Two years later, in 2007, Radenbaugh sold a home-built e-bike at a local summer fair, swapping it for a 20-foot tepee, which he put up in his family’s yard and lived in for a few months. Over the next couple of years, as he finished high school and enrolled at Humboldt State University, Radenbaugh and Collins, a childhood friend and college roommate, built and sold custom bikes on campus, advertising in classified ads and on Craigslist. In 2014, Radenbaugh moved to Seattle to pursue Rad Power full time. The following year, he and Collins sold their first batch of about 300 bikes through a prepay online campaign on Indiegogo and opened their online store.
“We saw what the likes of Warby Parker and Casper were doing and saw an opportunity there,” Collins says. But as a relatively low-margin business with hundreds of competitors, e-bikes hadn’t been a typical target for venture capitalists. During its first year, Rad took a five-figure sum from a pair of investors who happened to have an office nearby, but otherwise rose on its own steam until last year when Darrell Cavens and Mark Vadon, co-founders of Zulily LLC, put in more cash.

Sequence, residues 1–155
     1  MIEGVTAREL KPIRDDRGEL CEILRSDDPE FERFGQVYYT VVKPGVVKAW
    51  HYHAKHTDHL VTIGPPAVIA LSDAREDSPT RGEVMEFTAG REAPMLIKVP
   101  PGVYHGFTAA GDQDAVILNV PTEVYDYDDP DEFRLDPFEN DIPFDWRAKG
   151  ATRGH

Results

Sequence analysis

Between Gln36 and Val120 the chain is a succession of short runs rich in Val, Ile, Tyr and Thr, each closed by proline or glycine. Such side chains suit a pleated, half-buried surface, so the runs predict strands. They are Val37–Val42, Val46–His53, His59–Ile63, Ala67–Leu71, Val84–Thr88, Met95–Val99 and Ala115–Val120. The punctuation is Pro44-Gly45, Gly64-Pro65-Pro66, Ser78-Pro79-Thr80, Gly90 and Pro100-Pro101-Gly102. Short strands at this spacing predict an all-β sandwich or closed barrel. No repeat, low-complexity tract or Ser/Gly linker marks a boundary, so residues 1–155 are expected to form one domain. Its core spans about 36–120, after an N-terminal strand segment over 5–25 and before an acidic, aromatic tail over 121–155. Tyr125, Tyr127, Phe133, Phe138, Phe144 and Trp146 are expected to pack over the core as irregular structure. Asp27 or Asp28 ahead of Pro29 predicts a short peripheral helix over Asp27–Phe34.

Still, Rad couldn’t follow the typical direct-to-consumer startup playbook of losing huge sums to acquire new customers. “We didn’t take the strategy of let’s get customers at any cost,” Collins says. “We needed profit to keep going.” In the early days, he adds, he was the only person answering calls when customers had questions or problems. He used what he learned from those conversations to target ads on Facebook. He and Radenbaugh had expected to sell bikes to people like themselves—twentysomething city dwellers—but their early customers, he says, were mostly “suburban dudes in their 50s, 60s, and 70s.”
“It really was baby boomer after baby boomer,” Radenbaugh says. As sales grew, so did Rad’s ad budget. The company now spends in a day running ads on Facebook, Instagram, and Google what it used to spend in a month, Collins says. The customer base, he adds, has since broadened to include more of the young city dwellers they had envisioned.
In February, Rad raised $25 million from a group of venture investors, including Vulcan Capital. Although Rad has been profitable since 2015, Radenbaugh says, the infusion of cash will allow the company to develop products, expand service, and sell bikes faster. “When people jump on these bikes and try them out, it’s a totally new experience,” says Stuart Nagae, one of Rad’s venture investors. “So I’m superbullish on adoption.”